Saying What You Mean

Movie Clip From the movie Lloyd

Any time you receive an email at 10 AM in the morning from a teacher who has just finished teaching your son, it’s pretty much guaranteed that it won’t be to tell you how your darling child did you proud. It is usually because the teacher is so upset that she needs to get it off her chest then and there. And thus was the case this week when I received an email from my youngest son’s sixth grade literature teacher.

“Today in first period … ” it began and went on to describe the assignment given to all of the children, ” … out of the three myths we read this week, which was your favorite? Explain your answer.”

It seems my son took her literally and assumed that she really did want to know what he thought of her choices for reading material and thus gave an honest reason about why he selected the story he did as his favorite of the three. In fact, he did so with such clarity that his teacher felt compelled to immediately share his response with me  – and continued to share his response with each class she taught that day as an example of what to never write in an essay.

“My favorite story was the “Boy Who Flew” because it was the shortest,” my son shared with his teacher in his essay, adding that he hated having to read stories he’d already read before. But it was the part of his essay where he explained his choice as favorite that was the final straw for the teacher. “All the other stories sucked.”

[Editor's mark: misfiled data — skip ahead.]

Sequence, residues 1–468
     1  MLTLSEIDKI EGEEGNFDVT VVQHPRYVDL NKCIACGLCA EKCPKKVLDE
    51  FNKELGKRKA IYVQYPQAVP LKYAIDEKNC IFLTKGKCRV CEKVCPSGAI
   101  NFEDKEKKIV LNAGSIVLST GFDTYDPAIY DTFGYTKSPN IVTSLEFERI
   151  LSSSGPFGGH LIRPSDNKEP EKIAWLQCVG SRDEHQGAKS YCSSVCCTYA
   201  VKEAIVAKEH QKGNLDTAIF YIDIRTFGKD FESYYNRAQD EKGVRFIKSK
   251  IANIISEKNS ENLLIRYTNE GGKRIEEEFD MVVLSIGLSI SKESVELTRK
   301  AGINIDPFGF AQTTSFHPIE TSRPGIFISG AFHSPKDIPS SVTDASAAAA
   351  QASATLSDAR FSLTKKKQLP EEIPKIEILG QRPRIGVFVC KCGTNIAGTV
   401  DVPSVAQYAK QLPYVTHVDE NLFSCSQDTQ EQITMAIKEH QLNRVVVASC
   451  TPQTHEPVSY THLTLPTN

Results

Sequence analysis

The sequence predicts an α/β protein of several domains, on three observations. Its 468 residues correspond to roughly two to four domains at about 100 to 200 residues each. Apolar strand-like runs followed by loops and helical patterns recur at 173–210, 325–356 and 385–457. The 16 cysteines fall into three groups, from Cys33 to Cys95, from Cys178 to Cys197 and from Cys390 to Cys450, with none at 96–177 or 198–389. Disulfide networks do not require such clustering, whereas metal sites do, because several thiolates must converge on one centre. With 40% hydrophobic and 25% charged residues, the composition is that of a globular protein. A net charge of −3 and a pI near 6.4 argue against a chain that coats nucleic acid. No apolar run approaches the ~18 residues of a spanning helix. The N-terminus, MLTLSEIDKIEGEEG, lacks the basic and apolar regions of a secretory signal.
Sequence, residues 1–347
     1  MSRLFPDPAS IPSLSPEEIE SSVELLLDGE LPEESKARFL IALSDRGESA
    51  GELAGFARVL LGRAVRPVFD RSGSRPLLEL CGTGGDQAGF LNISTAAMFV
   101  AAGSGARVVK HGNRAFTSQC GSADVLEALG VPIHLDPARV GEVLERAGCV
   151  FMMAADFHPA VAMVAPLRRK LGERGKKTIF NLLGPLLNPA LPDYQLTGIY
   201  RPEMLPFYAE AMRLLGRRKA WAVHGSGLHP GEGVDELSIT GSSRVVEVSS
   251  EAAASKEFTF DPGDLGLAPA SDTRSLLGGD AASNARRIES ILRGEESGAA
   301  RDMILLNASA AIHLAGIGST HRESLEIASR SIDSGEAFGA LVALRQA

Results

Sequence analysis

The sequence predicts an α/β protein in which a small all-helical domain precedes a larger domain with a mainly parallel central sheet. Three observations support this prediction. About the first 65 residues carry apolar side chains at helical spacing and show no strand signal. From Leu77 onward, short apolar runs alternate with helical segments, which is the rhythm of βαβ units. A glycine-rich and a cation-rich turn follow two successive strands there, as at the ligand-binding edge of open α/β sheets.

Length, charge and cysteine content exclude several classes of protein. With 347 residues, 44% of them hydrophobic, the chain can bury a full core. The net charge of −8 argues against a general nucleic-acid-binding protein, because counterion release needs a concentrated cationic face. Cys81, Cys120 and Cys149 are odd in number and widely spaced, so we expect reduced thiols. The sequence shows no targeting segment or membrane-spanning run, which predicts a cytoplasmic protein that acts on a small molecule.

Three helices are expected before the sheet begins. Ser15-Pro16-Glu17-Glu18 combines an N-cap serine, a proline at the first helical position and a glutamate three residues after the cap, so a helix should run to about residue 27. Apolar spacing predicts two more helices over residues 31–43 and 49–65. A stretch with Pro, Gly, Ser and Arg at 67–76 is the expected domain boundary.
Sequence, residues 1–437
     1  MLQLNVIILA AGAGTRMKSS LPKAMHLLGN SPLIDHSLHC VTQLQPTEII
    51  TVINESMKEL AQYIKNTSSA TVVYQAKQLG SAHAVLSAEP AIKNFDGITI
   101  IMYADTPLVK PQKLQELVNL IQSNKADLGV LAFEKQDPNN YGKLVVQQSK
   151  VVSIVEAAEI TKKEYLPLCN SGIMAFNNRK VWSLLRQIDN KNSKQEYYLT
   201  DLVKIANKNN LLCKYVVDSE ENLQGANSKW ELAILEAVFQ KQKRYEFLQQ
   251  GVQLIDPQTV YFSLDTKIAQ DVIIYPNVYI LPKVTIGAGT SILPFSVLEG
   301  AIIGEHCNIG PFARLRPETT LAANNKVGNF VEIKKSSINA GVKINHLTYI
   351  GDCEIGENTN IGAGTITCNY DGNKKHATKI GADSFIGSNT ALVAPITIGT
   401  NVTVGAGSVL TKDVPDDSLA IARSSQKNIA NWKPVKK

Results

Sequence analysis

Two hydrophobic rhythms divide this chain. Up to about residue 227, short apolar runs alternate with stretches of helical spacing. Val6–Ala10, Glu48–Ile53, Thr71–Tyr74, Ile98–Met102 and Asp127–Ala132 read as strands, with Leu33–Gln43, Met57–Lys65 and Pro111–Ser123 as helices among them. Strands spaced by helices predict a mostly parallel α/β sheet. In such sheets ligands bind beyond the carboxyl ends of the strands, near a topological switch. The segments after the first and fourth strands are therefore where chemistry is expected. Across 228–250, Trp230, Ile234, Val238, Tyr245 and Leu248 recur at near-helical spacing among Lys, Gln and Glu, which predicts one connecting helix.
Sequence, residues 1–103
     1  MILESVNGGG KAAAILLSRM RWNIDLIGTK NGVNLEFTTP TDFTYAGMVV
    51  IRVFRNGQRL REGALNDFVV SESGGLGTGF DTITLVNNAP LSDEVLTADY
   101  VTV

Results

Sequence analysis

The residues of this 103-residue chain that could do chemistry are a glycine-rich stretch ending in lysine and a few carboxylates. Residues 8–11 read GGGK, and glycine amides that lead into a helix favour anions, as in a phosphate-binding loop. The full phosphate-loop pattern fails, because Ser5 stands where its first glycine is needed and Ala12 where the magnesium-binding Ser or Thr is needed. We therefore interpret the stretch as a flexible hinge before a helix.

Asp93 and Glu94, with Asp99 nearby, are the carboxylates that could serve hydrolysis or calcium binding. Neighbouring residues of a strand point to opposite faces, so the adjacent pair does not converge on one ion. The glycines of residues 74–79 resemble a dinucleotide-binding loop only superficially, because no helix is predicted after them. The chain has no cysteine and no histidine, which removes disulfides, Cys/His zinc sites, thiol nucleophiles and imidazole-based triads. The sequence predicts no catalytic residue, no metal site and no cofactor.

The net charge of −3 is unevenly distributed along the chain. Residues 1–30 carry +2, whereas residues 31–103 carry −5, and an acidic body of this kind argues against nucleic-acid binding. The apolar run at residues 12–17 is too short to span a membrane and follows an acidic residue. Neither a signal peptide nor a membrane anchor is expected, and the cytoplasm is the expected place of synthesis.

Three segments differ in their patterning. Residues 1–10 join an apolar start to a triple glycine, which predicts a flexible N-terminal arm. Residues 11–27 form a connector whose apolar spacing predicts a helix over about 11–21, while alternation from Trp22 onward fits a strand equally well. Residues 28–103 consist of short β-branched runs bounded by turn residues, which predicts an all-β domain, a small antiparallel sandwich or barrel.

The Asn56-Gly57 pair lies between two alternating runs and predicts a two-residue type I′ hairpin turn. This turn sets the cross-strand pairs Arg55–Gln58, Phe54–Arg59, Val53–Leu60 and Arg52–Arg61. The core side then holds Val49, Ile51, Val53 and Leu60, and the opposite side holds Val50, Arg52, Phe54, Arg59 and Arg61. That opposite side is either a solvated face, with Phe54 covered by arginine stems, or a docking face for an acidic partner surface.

Now just to be clear, I am in no way supporting his choice of words, and we’ve had several conversations about not using playground language in school essays. And he also wrote a letter of apology and apologized the next day in person, as well as doing the assignment over. But when my son arrived home from school, he was just as upset as his teacher had been, because he believed that the assignment and reaction were unfair. I explained to him that rarely does a teacher actually want their students’ unadulterated opinion even when they ask for it, that what they usually mean is “please describe in great detail the elements of each of these stories so I know you actually read what I assigned.”

My son’s response? “Then why in the world do they play games? Just ask for what you want, and I’ll do the assignment. I can do that, but you have to tell me that’s what you want. If you ask me for my opinion, then I’m going to think you actually want it.”

He has a point. In much of our lives, we speak in code. “Do I look fat?” is often code for “Do you still love me after all this time?”, just as “I’m so tired tonight” is usually code for “If you seriously think I’m in the mood for anything more than fuzzy socks and popcorn tonight, you have another think coming.” We rarely say exactly what we mean, and we want to hear the unfiltered thoughts of others even less often. But after raising three gifted kids who all have struggled with playing the games society expects us play, I have come to the conclusion that maybe my son’s approach isn’t so bad. You know exactly where you stand. In five words or less.

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